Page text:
9 in 10 uni graduates are employed full time.1

Uni grads earn 15-20% more than those without a degree.2

Deakin postgraduates earn 36% more than undergraduates.3

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Woman with a suitcase

What’s it like to move to a new city to study?

Moving to a new place to study sounds overwhelming. Where will you live? How will you afford it? And most importantly, will you like it? But every year thousands of Australian students pack their suitcases, say bye to mum, and move to a new city to attend university. What’s it really like? Four people who’ve been there and done that shared their experiences with us.

Live music and new people

‘There wasn’t anything in Tasmania similar to what I wanted to study, so I applied interstate. My sisters had both moved to Melbourne to study, so a path was carved out for me and it wasn’t too daunting. At first I lived in organised accommodation and had my meals catered with over 200 fellow students to meet, which helped coming over to Melbourne and knowing pretty much no one.

‘Being able to go to the football every week, seeing so much live music and experiencing new things was amazing. I met people and had experiences I never would have been exposed to had I stayed in Tasmania. Moving interstate is always going to be a big change but I found it thoroughly worthwhile.’

– Alex Crowden, social media coordinator and Bachelor of Arts (Media & Communications) graduate

Stepping stone cities

‘I had a round-about journey studying. I did graphic design in Brisbane, and after working overseas as a designer, I went back to uni in Melbourne to do science. My science marks were good enough to get into medicine in WA, so I moved to Perth to study to be a doctor.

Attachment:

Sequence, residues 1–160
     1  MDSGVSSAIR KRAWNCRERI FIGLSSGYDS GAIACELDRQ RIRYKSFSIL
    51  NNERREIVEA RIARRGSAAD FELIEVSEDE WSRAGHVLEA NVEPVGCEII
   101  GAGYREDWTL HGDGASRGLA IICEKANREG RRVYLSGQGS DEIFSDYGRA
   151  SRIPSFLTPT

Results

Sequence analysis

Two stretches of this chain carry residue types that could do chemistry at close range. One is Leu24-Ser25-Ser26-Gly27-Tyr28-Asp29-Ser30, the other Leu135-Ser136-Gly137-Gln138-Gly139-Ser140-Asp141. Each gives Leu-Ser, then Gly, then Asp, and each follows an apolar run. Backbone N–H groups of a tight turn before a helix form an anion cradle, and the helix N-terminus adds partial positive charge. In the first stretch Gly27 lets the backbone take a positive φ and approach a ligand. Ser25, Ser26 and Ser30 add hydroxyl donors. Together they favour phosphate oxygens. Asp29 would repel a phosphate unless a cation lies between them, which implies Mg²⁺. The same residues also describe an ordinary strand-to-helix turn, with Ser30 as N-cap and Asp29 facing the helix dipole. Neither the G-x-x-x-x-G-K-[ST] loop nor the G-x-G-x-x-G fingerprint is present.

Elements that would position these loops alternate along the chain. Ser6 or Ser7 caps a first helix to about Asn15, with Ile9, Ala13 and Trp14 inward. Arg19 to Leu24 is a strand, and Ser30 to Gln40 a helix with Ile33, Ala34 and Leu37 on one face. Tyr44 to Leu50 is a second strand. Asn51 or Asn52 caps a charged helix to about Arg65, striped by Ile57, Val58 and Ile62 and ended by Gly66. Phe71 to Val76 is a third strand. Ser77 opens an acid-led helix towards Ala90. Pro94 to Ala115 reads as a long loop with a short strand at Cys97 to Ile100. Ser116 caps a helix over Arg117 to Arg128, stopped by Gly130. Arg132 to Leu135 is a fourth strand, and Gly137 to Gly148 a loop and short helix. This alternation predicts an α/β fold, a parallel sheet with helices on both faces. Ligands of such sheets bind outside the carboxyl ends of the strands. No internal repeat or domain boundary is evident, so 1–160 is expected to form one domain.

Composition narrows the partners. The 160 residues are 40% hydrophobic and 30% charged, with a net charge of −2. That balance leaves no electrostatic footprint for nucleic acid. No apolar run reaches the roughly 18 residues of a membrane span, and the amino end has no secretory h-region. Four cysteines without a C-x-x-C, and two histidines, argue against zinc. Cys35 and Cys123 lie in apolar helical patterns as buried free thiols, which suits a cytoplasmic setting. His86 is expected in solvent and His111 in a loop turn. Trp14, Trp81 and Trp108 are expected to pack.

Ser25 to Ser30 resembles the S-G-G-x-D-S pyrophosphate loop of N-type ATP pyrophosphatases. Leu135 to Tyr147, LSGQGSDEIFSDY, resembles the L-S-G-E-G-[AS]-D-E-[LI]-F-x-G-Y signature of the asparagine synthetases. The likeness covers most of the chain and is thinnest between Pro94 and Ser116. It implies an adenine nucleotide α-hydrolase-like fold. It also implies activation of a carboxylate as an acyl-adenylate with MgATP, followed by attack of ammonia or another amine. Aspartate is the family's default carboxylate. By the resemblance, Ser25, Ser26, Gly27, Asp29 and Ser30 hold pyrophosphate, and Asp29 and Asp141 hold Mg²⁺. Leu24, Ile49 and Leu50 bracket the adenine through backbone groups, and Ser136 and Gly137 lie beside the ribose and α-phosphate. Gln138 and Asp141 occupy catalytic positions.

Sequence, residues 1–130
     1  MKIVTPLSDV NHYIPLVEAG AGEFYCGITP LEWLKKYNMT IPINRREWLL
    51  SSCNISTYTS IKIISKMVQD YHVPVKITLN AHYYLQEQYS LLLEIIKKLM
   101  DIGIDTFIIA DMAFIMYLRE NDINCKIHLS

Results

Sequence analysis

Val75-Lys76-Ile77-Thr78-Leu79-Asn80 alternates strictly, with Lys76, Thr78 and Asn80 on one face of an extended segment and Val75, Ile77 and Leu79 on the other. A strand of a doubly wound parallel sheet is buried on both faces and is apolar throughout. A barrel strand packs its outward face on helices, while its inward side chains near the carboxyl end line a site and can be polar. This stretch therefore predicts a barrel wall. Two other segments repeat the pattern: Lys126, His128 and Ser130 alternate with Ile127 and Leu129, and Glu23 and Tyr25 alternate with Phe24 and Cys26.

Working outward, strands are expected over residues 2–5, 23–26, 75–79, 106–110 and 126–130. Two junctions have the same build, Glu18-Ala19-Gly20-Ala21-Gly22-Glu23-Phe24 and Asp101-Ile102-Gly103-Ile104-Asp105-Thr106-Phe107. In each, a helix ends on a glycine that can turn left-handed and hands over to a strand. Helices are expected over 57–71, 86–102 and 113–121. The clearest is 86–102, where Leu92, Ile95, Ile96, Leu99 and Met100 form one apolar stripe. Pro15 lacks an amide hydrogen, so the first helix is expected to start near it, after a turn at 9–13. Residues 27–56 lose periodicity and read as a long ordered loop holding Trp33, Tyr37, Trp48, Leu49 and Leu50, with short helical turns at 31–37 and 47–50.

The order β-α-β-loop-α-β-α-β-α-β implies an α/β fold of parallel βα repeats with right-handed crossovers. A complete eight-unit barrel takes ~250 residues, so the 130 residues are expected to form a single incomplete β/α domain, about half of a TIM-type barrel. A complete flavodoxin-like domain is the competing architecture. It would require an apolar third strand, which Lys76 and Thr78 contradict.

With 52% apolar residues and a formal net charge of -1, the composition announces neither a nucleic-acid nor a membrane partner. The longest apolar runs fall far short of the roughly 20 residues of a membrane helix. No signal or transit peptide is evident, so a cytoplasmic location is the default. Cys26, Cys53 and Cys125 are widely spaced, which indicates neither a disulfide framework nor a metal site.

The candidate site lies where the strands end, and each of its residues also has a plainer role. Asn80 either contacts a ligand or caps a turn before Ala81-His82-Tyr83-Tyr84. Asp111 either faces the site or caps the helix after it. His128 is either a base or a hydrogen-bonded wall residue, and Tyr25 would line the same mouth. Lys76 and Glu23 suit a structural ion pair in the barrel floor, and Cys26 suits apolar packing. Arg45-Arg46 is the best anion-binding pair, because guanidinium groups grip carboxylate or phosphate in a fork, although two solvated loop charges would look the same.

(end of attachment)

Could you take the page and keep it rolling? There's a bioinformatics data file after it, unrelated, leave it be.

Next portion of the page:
‘Each time I moved, I had to start making friends again, and there’s no doubt that’s hard and you miss having people you’ve known for years. But ultimately now I have friends all over Australia! I think it was definitely the best way for me personally to study – without having moved around I wouldn’t have been able to take each possible stepping stone, and get where I am today.’

– Daniel Chisholm, doctor and Medicine graduate

Brunch and job opportunities

‘I chose to study at Deakin because it has the best reputation for primary teaching. Moving to Melbourne was a big change from living in Tasmania, I found it more culturally diverse – plus there is always something going on and new brunch places waiting to be discovered.

‘Being in Melbourne has provided me with more job opportunities and studying here was great because it really made me think more broadly and see a bigger picture. It pushed me out of my comfort zone and made me realise that I can do anything I put my mind to.’

– Tara Robertson, Bachelor of Primary Education graduate

Out of your comfort zone

‘I always knew I didn’t want to study in Perth and so studying interstate was something I did naturally. It was daunting, having only been to Melbourne once prior to moving here, I had no idea what to expect.

‘Moving to new place means you are totally out of your comfort zone, so everything is new, exciting and you learn a lot about yourself. The challenges usually are in the beginning, when you are trying to find your feet. If you keep an open mind though, you end up meeting so many new people. I have made friends who I now consider family. I’m proud I built a strong foundation in Melbourne from scratch.

‘If you are thinking about moving, the best way to do it is to move to study. You are automatically put in social situations and it gives you routine. You are so quickly part of a city when you move with purpose.’

– Natassja Soderbom, advertising account manager and Bachelor of Arts graduate

If you’re thinking of making the leap and studying in Victoria, check our Deakin’s wide range of course options.

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